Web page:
My good friend Alex makes some really beautiful woven goods. When she travels around to craft fairs and shows, she needs to have a one-of-a-kind display in her booth. The problem is, shelves and custom settings are bulky and not easily transportable; we’re going to make some collapsible shelves so she can display her awesome products in a unique way. 

  1. What Does She Need?
  2. Weld Up Some Frames
  3. Make Some Shelf Supports
  4. Cut Some Walnut Shelves
  5. 3d Print Some Connectors

1. What Does She Need?

Just like any product you may make for a client, you need to start with a problem statement from the customer. In her case, Alex needed a unique and eye-catching way to display her woven goods; scarves, table runners, blankets. She needed a combination of flat surfaces and hanging rods so that customers can properly see her work. Most importantly, she needed this shelving setup to be collapsible and transportable. Because she is constantly at craft fairs, she needed to be able to pack up the display in her car, set it up, and break it down all on her own.

We decided on a simplistic and industrial look to the shelves. Alex also didn’t want the horizontal bracing or support cables on the back of most minimalistic shelving units. She thought this would take away from her hanging products and make the space seem too cluttered.

With all of these ideas and constraints in hand, I made a 3d model of my initial concept. After a few small iterations, we got to work making a shelving unit that would be made of two sets of steel side frames with some brackets spaced evenly. These brackets could hold shelves or hanging rods in a number of configurations. The two units could also be used independently or stacked on top of each other using some 3d printed connectors.

2. Weld Up Some Frames

I chose to use some 3/4″ steel square tubing for the shelf frames welded together with some simple butt joints. The welds were cleaned up and the whole frame was sanded down in preparation for finishing. Alex wanted the steel tubing to be black, and I figured that spray paint would eventually rub off, so I used some chemical blackening solution. This is a brush-on liquid that reacts with the steel and turns it black. I’ve seen a lot of makers have success with this method, but mine turned out rusty-looking and inconsistent. Overall, Alex was happy with the industrial look, but it was far from the blackened finish I was expecting.

3. Make Some Shelf Supports

In order to hold the different combination of shelving ideas, Josh and I came up with a universal mounting bracket. This U-shaped steel bracket would be welded to the frames and hold the ends of the shelves or the hanging rods. Small problem is, I couldn’t find a 3/4″ steel bracket…so, surprise-surprise, I made some.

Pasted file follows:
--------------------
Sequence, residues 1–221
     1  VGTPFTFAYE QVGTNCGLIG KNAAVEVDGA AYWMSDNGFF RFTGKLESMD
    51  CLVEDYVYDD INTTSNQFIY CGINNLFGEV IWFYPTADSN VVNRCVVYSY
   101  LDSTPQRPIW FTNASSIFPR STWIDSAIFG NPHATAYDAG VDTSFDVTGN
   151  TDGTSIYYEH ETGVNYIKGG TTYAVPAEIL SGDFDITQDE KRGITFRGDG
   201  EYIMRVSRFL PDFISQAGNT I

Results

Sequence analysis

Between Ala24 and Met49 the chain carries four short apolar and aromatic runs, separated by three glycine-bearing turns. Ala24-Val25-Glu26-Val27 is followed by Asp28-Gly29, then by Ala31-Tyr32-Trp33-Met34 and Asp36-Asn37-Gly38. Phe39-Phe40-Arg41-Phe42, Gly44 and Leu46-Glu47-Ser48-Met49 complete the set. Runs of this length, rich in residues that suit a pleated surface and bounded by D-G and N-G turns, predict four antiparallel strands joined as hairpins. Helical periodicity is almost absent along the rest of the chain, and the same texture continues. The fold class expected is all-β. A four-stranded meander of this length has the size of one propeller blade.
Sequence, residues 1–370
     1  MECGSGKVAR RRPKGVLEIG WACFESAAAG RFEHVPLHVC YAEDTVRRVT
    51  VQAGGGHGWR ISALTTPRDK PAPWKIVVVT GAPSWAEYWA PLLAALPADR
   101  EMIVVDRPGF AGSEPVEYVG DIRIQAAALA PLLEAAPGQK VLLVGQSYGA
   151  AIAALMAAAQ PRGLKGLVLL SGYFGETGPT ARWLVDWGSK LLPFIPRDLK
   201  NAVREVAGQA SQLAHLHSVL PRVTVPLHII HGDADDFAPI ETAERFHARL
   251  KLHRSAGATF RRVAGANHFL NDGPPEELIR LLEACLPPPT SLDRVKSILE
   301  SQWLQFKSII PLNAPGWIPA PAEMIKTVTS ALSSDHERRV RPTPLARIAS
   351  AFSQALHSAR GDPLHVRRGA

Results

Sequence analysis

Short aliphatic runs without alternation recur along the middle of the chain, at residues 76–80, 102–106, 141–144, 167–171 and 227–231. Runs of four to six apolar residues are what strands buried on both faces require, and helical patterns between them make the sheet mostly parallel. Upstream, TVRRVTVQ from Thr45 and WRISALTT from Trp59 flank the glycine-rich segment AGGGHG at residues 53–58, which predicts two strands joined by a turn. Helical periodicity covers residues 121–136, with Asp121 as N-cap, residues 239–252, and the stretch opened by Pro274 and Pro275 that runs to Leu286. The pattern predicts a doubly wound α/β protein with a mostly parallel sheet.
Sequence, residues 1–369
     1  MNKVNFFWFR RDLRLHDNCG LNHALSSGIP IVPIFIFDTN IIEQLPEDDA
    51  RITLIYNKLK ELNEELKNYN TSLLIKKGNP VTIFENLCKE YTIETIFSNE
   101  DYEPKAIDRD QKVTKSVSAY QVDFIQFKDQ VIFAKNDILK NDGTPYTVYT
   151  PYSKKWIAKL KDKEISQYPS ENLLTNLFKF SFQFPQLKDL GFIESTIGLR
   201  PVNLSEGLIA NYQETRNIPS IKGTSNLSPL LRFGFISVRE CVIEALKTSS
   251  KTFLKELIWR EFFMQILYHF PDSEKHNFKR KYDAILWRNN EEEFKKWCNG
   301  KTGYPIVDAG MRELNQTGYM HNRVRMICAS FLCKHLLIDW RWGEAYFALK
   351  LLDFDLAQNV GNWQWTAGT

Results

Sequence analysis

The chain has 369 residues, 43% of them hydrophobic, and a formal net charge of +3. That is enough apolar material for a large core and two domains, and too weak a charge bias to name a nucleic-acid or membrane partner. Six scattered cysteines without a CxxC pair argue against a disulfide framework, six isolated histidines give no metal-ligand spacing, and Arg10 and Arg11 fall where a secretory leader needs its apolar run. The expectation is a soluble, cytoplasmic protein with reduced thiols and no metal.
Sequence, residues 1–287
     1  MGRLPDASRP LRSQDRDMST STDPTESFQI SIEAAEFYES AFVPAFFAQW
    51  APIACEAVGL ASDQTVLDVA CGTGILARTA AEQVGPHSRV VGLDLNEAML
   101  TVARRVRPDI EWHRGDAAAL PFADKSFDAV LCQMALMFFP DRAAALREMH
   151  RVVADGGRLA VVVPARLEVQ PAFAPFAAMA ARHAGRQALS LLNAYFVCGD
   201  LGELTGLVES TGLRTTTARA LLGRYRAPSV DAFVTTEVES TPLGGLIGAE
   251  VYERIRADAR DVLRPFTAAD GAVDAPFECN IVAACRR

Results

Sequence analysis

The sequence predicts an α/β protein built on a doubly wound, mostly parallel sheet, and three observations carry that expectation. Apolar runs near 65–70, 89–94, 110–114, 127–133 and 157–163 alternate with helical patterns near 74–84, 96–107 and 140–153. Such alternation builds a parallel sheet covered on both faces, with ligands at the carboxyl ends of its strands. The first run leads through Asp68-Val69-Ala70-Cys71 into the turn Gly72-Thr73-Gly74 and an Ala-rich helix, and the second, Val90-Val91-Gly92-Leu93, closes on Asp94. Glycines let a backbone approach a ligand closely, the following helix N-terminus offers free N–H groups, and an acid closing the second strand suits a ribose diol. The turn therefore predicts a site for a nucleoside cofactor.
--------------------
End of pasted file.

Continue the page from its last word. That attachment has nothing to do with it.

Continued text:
These brackets began with some left-over 3/4″ steel tubing from the frames. I drilled some evenly-spaced holes straight through and used my metal cutting bandsaw to trim off one edge. The square pipe became a long piece of steel C-channel. I then cut this length of channel into smaller pieces and welded them onto the display frames. The hole is for a bolt that will go through the bracket and the shelves to lock the whole unit together. This lateral strength will replace the need for horizontal bracing.

4. Cut Some Walnut Shelves

Because this display unit is meant to be modular and change with Alex’s needs, I am making a combination of flat shelves and rounded hanging rods. She loved the look of walnut and steel, so Josh and I milled up some lumber and got to work. If you are interested in our milling and squaring process, check out the Bits video we made on the subject!

I used biscuits to align the walnut boards and glued them together. While those were drying, I cut some thinner pieces and passed the edges through a round-over bit on my router. This created a sturdy hanging rod with nice gentle sides.

To get the shelves to fit inside the custom brackets, I used my dado stack to add some rabbets to both ends. I also drilled some slightly over-sized holes that would align with the bracket holes. This uniform method will allow Alex to mix and match shelf pieces as she needed. I applied some polyurethane for protection, and the shelves were done.

5. 3D Print Some Connectors

Because she wanted the display unit to be modular, I need to find a way for the two shelves to either stand on their own, or stack together. To help with this problem, I modeled a simple set of connector pegs and feet which would plug into the steel tubing. This was really simple to do by measuring the outside and inside thicknesses of the tubing and modeling some simple squares to match. For the feet, I extruded the interior measurement up about 3/4″ and left the exterior measurement to act as a flat foot. For the connector, I did the same thing but extruded the interior shape up and down to create a longer peg with a foot in the middle.

Having a 3d printers really helps with little problems that arise when wood- or metal-working. I never know what small issues will arise, but having a basic understanding of 3d modeling and the ability to print those solutions quickly has been a real treat. I couldn’t easily purchase those pieces from a supplier, but in about 2 hours, I could have them fresh off the printer.

She Likes It!

The shelves came together perfectly! The simple yet sturdy design met all of her expectations, and it was the perfect way to display her amazing products. She disassembled the unit and fit it into the trunk of her car easily. This project was fun to make, but I am really happy that I could solve a problem for a good friend. So whether you’re making a commissioned piece for a client or a piece of furniture for a friend, make sure you listen to their needs and ensure they fully approve of your final design.